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Lithuanian mural​ depicts Trump and Putin in liplock

K-I-S-S-I-N-G. Here's the GOP's presumptive nominee. In a lip lock. With Vladimir Putin.

A mural of Donald Trump and the Russian leader, splashed on the outside of a Lithuanian restaurant, is gaining attention around the world for its controversial depiction of the two colorful politicians.

#Trumpwall #Kissofdeath #bbq

A photo posted by Almantas Lebednykas (@wuali1992) on

The street painting, named "Make Everything Great Again," was created by artist Mindaugas Bonanu for local barbecue joint Keule Ruke in Vilnius, Lithuania.

Speaking with the Baltic Times, the restaurant co-owner Dominykas Čečkauskas said the painting's embrace was a nod to the similarities between Trump and Putin, which has oftentimes seemed friendly and even complimentary.

"We saw similarities between the two heroes (Trump and Putin)," Čečkauskas said. "They both have an ego that is too big."

It struck him that "we are in a sort of a Cold War again," he said, but this time "America may get a president who will want to be friends with Russia."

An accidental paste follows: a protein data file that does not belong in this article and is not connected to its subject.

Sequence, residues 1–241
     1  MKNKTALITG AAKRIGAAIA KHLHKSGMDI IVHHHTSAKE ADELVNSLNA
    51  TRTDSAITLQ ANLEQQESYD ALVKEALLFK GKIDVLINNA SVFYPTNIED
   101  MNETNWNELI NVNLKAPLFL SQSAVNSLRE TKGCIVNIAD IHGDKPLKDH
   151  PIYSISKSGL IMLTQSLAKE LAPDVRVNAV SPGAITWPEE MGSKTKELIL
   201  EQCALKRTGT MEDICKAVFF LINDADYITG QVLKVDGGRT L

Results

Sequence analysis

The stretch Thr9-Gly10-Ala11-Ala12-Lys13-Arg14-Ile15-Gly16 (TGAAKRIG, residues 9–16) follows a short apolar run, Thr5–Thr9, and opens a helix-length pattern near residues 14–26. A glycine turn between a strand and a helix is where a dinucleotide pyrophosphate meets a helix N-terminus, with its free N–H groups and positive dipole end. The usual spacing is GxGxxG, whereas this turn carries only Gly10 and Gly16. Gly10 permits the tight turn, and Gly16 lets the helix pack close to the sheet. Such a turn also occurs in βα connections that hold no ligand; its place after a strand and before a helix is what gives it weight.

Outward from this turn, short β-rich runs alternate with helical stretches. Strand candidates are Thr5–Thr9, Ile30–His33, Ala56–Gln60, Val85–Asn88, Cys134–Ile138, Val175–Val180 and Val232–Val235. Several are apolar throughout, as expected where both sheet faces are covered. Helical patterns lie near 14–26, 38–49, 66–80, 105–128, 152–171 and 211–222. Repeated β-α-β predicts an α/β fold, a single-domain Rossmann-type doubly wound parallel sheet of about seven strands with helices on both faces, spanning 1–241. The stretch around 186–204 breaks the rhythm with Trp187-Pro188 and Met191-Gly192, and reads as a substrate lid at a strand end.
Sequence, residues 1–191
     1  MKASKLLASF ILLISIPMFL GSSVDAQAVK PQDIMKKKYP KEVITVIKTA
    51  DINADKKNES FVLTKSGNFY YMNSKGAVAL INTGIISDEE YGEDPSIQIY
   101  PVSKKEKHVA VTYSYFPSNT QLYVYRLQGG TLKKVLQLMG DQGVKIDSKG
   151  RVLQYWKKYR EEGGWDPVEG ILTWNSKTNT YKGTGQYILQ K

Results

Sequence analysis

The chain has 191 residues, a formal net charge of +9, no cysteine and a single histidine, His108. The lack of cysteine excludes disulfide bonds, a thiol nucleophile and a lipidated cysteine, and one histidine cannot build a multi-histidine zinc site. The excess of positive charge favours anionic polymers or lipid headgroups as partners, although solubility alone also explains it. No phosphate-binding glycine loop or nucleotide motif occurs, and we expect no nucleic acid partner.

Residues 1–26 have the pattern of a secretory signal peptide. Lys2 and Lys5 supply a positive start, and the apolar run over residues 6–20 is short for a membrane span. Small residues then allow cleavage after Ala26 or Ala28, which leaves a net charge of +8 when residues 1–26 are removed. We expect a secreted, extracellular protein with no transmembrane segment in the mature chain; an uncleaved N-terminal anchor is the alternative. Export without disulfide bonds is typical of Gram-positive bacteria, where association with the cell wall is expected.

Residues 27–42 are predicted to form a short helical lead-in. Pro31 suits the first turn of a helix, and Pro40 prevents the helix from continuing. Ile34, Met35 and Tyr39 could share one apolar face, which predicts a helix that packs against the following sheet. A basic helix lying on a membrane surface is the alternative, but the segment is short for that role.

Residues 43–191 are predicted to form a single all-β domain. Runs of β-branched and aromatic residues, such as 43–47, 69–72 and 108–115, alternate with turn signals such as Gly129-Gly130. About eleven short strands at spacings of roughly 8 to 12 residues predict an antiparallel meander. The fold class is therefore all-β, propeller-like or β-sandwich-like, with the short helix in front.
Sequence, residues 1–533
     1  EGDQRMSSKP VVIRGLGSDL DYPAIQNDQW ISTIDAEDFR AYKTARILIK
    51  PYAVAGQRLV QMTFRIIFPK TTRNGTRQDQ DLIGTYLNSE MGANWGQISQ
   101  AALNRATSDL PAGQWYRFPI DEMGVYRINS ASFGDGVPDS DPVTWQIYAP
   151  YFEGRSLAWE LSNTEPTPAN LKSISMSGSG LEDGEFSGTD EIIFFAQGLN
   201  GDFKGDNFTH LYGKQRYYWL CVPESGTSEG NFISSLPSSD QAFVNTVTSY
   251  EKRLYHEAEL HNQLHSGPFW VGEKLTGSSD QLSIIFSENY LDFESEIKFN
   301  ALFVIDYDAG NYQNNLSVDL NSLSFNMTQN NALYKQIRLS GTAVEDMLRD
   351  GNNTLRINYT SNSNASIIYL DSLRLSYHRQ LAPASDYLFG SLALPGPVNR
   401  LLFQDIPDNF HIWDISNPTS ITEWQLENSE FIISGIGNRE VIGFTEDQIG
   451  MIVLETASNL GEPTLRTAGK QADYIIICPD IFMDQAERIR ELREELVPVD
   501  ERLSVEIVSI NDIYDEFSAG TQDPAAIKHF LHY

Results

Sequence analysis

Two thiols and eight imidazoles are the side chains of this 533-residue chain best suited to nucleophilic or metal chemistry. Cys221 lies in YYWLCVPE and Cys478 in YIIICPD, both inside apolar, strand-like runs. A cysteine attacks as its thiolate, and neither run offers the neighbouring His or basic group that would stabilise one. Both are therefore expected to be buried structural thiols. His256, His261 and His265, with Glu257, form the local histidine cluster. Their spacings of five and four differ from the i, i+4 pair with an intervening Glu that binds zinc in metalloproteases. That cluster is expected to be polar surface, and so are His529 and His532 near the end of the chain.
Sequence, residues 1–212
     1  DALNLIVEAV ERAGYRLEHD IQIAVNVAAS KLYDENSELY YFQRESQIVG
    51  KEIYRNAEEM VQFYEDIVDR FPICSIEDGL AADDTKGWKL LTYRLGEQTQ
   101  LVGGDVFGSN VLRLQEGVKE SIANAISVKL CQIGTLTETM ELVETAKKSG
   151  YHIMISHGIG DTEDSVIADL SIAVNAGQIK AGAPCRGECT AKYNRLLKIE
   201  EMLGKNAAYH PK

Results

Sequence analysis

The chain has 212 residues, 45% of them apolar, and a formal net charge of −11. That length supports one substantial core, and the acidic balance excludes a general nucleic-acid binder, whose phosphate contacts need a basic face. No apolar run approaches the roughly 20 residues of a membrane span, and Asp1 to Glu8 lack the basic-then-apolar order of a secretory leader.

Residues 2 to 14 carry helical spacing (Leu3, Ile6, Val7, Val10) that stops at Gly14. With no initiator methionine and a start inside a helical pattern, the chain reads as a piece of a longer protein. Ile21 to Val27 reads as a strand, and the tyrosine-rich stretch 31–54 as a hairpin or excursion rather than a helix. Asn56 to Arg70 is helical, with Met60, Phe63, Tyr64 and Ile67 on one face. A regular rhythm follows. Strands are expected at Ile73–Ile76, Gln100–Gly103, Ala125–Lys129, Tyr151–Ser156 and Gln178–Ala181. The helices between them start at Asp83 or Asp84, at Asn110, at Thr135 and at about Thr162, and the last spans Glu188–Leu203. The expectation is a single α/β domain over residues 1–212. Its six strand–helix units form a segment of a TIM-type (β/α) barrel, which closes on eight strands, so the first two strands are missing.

In a separate statement to the Washington Post, Keule Ruke said that the artists behind the painting were "predicting that if Russia and the USA would ever make out, it would happen in the Baltic states ... with tongues or with tanks."

The work of art is a throwback to another famous spot of graffiti along the Berlin Wall, called "My God, Help Me to Survive This Deadly Love." The painting illustrated Soviet leader Leonid Brezhnev and East German President Erich Honecker embracing and locking lips, a gesture that was once a sign of greeting between two Communist brethren.

Visitors photograph graffiti by Dmitri Vrubel of General Secretary of the Central Committee of the Communist Party of the Soviet Union Leonid Brezhnev and East German General Secretary of the Socialist Unity Party Erich Honecker kissing under the words, in Russian, 'Pomogi mne vyzhit' sredi etoy smertnoy lyubvi,' or 'My God, Help Me to Survive This Deadly Love,' based on a photograph by Regis Bossu in East Berlin from October 7, 1979, on East Side Gallery, a section of the former Berlin Wall. Adam Berry, Getty Images

The Berlin Wall painting itself was inspired by this Soviet-era photograph, which ran in several magazines captioned as "The Socialist Fraternal Kiss" or simply "The Kiss." The picture captured the two leaders' embrace in 1979 during the 30th anniversary celebration of the foundation of the German Democratic Republic.

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